Classroom Created For Students With Autism
A Rotary club, R.E.A.C.H. and the Ministry of Education teamed up to reach out to the littlest students in The Bahamas, opening the region’s first pre-school classroom specially equipped to meet the needs of children with autism. With fanfare that included a concert by preschoolers barely tall enough to reach a desk or old enough to spell their names, with a leading Rotary member from Virginia, a club from California, Sunrise Rotary in Nassau, a lecturer from Florida Atlantic University (FAU), with the prominent Realtor who has devoted years of his life to educating the public about autism and top officials from the Ministry of Education, the launch of the $20,000 vibrantly coloured classroom at Willard Patton Preschool Friday on Meeting and Augusta Streets turned a page in education history.
“It is an honour and a privilege to be part of this momentous occasion,” declared Sunrise Rotary President Mario Smith, touting the three-way partnership between government, Rotary and REACH that made it possible. “This is the first of its kind in the Caribbean.”
The breakthrough, funded by Rotary, organised under the guidance of autism specialist Michael McGinty and staffed by the Ministry of Education which called it “a tangible sign of our level of commitment,” the model classroom project was inspired by the organisation founded to build support and resources for autistic children and their families and to educate the public about the condition that impacts thousands in The Bahamas.
“We are here today to celebrate a classroom,” said Director of Education Lionel Sands, who credited Realtor Mario Carey, president of R.E.A.C.H. for driving the effort. “Mr. Carey did exactly what his organisation is known for — he reached out and with the cooperation of the Ministry of Education and Rotary, this classroom dream became a reality. This demonstrates what a formal and informal partnership can achieve.”
Carey said later it would not have happened without the leadership and knowledge of McGinty, a man whose passion for helping those with autism has driven him to use vacations repeatedly to come to The Bahamas to support autism efforts, working with teachers, students and organisations.
On this day, he was recognised by parents, students, teachers and Rotarians who gathered under a tent in the midday sun anticipating the tour of the results of two years of labour and fund-raising, converting what was intended to be a resource centre into a model learning environment. From the bright red squares to the clear rectangular bins, the brilliant rainbow of colours to the organised structured spaces, the single classroom was built to suit the special needs of children whose condition may include struggling with communicating or suffering from sensory overload.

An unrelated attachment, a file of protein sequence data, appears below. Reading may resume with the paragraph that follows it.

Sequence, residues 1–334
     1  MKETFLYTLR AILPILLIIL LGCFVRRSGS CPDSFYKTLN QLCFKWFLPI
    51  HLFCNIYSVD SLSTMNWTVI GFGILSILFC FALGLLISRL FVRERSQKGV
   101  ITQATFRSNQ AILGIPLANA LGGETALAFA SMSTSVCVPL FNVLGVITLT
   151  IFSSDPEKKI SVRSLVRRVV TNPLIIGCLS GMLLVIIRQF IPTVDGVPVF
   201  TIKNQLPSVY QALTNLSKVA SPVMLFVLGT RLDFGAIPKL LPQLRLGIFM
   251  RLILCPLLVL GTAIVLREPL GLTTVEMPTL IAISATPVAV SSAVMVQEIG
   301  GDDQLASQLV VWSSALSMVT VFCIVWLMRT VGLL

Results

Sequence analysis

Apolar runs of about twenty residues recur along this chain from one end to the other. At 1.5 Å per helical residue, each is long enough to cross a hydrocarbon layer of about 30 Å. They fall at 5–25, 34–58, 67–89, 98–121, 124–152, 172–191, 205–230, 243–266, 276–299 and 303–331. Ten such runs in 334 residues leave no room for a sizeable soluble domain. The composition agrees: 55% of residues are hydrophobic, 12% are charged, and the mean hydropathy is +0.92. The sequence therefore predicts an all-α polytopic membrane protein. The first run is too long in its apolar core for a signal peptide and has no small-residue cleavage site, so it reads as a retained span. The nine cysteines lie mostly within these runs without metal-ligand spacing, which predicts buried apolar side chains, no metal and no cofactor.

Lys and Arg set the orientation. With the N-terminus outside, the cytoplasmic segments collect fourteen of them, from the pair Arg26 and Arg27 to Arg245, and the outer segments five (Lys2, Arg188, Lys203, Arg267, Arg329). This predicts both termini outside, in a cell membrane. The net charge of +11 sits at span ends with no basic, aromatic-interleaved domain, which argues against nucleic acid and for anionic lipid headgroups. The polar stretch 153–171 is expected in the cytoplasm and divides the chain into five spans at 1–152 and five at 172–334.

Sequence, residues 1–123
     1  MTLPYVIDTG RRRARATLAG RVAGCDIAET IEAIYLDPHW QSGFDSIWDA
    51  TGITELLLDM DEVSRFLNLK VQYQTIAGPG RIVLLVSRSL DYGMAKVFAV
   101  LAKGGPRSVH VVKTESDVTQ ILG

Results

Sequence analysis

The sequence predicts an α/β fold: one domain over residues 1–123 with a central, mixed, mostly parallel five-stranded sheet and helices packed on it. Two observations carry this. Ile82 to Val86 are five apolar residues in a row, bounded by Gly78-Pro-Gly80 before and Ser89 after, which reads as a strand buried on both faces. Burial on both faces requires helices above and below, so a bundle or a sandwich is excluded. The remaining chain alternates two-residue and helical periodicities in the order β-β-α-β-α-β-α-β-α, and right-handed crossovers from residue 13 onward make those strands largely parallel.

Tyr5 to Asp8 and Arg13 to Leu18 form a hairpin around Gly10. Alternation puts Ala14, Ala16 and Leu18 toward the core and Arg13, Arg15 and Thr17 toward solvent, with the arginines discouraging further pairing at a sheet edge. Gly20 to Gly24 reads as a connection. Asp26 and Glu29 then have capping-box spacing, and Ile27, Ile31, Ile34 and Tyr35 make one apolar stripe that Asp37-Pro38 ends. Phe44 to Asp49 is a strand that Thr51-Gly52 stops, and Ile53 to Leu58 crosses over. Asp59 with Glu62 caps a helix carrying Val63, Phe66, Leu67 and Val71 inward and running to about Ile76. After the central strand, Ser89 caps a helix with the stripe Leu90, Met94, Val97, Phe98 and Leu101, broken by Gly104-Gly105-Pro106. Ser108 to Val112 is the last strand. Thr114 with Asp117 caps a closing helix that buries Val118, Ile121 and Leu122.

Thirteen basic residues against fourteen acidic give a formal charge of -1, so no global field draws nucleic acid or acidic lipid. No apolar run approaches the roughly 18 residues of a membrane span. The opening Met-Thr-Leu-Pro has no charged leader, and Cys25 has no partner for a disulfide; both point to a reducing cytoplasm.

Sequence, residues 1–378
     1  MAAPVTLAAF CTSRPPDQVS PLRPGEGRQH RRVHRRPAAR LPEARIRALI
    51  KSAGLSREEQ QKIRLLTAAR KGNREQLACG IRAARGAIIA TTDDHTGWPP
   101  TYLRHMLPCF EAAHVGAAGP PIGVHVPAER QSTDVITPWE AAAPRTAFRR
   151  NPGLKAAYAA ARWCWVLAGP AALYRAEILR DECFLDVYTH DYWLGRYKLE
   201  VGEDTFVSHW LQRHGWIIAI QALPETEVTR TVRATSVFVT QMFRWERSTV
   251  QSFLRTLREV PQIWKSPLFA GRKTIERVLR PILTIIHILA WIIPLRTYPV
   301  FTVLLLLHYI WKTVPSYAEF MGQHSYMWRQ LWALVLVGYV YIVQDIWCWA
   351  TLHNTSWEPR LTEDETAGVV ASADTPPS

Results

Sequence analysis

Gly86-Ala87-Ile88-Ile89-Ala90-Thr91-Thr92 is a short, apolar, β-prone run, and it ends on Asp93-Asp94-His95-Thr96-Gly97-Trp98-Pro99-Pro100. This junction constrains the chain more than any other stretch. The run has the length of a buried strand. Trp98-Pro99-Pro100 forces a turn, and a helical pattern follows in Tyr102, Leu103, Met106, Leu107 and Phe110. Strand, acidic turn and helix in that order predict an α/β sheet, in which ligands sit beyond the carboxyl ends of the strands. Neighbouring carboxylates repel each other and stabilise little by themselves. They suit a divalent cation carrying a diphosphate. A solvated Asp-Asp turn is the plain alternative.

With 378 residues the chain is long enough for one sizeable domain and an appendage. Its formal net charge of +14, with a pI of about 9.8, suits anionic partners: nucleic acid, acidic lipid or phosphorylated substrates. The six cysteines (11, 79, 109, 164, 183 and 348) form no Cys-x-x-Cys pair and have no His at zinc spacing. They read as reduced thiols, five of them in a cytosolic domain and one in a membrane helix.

“The main goal of designing the classroom for autistic children at the Willard Patton Preschool was to ensure that the classroom encourages engagement in instruction throughout the day,” said McGinty. “Creating a stable environment that facilitates participation, has clearly defined areas that supports skills, and is an area that increases educational engagement and independence in autistic students were the criteria that guided the classroom’s design.”
Realtor Carey, who helped drive the project, knows what colours, shapes, form and space can mean to a child with autism.
“I am the parent of an autistic child,” said Carey, who has served as president of R.E.A.C.H. since 2010 and wanted to celebrate the classroom as a new beginning of an age of understanding. “I would like to quote Neil Armstrong, the courageous astronaut who died just a few weeks ago, ‘This is one small step for man, one giant leap forward for mankind.'” Carey noted that the figures for those with autism continually climb. Five years ago, one in 150 children was diagnosed with some form of the spectrum. Today, it is one in 100 and for every 20 children who enter school, two will have special needs.
“This model classroom is just the beginning, but it is a start of which we can all be very proud because it will make a difference in so many lives. Thank you, Rotary, thank you everyone.”
Diane Phillips & Associates
Caption: RIBBON-CUTTING ON A CARIBBEAN 1ST — The first classroom in the Caribbean specifically equipped for preschool children with autism opened this month at Willard Patton Primary, Meeting and Augusta Streets in Nassau, thanks to the dedication of an autism specialist and a partnership between Sunrise Rotary, R.E.A.C.H and the Ministry of Education. Pictured l-r at the ribbon-cutting, Janet Brown, Rotary International, Director of Education Lionel Sands, school Principal Joanna Miller-Neely and Mario Carey, president of R.E.A.C.H.charity, educational, health, students